The origination of IBS symptoms can, too, be caused by a number of factors, some including, chemicals found in packaged foods, such as nitrates or sulfites, as well as FODMAPs. The ingestion of FODMAPs are not the cause of IBS, rather what can trigger the troublesome symptoms like abdominal pain or bloating. Patsy spoke about the use of FODMAP elimination trials in patients with IBS. This idea behind FODMAPs is that when people with IBS consume sugars that their body can’t properly breakdown, it contributes to their symptoms. The FODMAP approach includes a 1-2 week elimination of all FODMAPs, which Patsy called the Elimination Phase. The FODMAPs are then reintroduced into the diet one at a time to allow for proper monitoring of the patient’s tolerance. It can help you determine which sugars you may be sensitive to, and what foods to limit in quantity or what foods to avoid altogether.
Where are FODMAPs Found?1
Fructans, galactooligosaccharides (GOS), and inulin
Vegetables: cauliflower, button mushrooms, and snow peas
Sweeteners: sorbitol, mannitol, xylitol, maltitol, and isomalt (often found in sugar-free products like gum, mints, cough drops, and medications)
Important to Note:
Many foods contain FODMAPs and they may be very hard to avoid. You’ll likely find hundreds of food lists and suggestions of foods to avoid, which can lead to both confusion and restriction. Because of this, it’s very important to understand that the FODMAPs approach is not recommended for everyone to follow and is certainly not a weight loss diet or a cleanse, but a nutrition therapy that has the potential to help people with IBS figure out what foods trigger symptoms (…because let’s face it, constant bloating and gas isn’t fun for anyone or anyone around you!). If you’re still unsure about how to treat or manage your IBS symptoms, speak with your doctor, your dietitian, and/or check out the resources below:
And yes, there is an app for that! The research team at Monash recently launched a smartphone application: The Low FODMAP Diet. The app provides a list of hundreds of foods using traffic light signals i.e., (Red = Avoid and Green = Eat without fear) and according to serving sizes since smaller portions may be better tolerated.
Aging Nutritionally andGracefully By Laura Cipullo and the Laura Cipullo Whole Nutrition Services Team
If there is one thing working against us when it comes to aging it’s..…TIME. It is true that as we get older, we age. While we can’t turn back time, we can try to keep our bodies as healthy as possible to help us feel better, stronger, and more energized. Here are three of our favorite books that discuss diet, health, and lifestyle recommendations that can help you feel younger by keeping your mind and body in a state of wellness:
This book describes the aging process in a fun, easy-to-read way. It does an excellent job of intertwining medicine and nutrition. It has tons of useful tools like the YOU Tool 2 “Ultimate Work Up”-a fantastic list of tests you should be sure to inquire about at your next doctor’s visit. You also offers a 14-day plan that includes dietary changes, exercise routines, meditation, and relaxation plans. This book reminds you that caring for the mind and body together are equally important. It also includes interesting little known facts. For example Roizen and Oz note that you should remove your dry-cleaned clothing from the plastic-wrap, as soon as you get home to prevent the chemicals from becoming trapped. There is a great chapter on other toxins that you may find in your environment as well. I am going to head to my closet right now to remove the plastic from my dry-cleaning.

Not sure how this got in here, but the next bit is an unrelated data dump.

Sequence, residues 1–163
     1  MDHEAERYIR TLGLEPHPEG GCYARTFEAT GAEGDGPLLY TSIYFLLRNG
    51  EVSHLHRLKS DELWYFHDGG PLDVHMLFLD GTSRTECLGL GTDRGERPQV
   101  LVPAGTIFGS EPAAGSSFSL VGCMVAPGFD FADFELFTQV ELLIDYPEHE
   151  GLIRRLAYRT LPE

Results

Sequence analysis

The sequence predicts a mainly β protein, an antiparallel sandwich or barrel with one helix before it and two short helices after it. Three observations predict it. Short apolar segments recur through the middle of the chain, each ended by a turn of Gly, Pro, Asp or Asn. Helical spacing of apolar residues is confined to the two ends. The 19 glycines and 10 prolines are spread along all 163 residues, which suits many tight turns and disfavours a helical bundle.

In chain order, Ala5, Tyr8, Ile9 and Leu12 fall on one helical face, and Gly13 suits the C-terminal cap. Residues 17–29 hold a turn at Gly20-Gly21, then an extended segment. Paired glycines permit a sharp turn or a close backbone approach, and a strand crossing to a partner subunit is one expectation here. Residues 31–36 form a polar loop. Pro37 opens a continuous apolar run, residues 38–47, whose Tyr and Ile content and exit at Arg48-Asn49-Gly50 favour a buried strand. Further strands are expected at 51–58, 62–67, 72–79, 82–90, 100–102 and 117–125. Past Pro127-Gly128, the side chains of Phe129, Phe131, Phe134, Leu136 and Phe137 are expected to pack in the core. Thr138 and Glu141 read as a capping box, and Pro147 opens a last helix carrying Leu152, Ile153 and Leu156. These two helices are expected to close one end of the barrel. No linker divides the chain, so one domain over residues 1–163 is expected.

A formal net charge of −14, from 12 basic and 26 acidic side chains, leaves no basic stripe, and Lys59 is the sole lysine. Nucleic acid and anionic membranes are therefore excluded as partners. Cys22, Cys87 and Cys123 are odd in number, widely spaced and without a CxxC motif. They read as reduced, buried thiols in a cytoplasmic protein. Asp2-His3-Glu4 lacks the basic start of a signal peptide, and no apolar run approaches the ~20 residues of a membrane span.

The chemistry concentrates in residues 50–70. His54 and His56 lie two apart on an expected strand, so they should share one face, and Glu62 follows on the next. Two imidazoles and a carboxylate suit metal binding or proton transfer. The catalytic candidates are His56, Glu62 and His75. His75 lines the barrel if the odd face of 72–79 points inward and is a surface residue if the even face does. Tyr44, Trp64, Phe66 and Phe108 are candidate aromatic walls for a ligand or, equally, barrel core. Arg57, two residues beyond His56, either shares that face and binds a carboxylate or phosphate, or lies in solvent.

In Younger Next Week , my colleague registered dietitian Elisa Zied points out that crash dieting is not the solution to aging. In fact she explains that crash dieting increases cortisol levels, leading to both weight gain and aging! Zied’s 7-day vitality plan offers manageable ways to make permanent lifestyle changes that can lead to improved health and wellness. This plan is supposed to be repeated weekly so that it eventually becomes a lifestyle. Elisa states “it’s about finding a sustainable balance in your food and food choices” (Page 189). Finding balance, not only in food choices, but also in our schedules is important. Elisa offers countless examples of structured meal plans, tasty recipes, and creative “stressipes” to get you started on living a more balanced life. I am really excited to try Strawberry-Walnut Cinnamon French toast (Page 216) for breakfast next weekend!
This book may look intimidating at first, but when you crack it open it has some very practical advice. Eat, Drink, and Be Healthy: Harvard Medical School Guide to Healthy Eating is one of my favorites! Dr. Willett provides a review of some of the quick-fix diets and why they do not work. He also includes his own version of the USDA pyramid, which I find to be very useful. This is a great book if you want to learn about nutrition science. This book focuses more on the diet component of lifestyle changes and includes some really wonderful recipes, menus guides, and cooking tips to help you feel comfortable trying new ingredients. This book may be a little more of challenging read than our other two recommendations, but it is certainly worth it.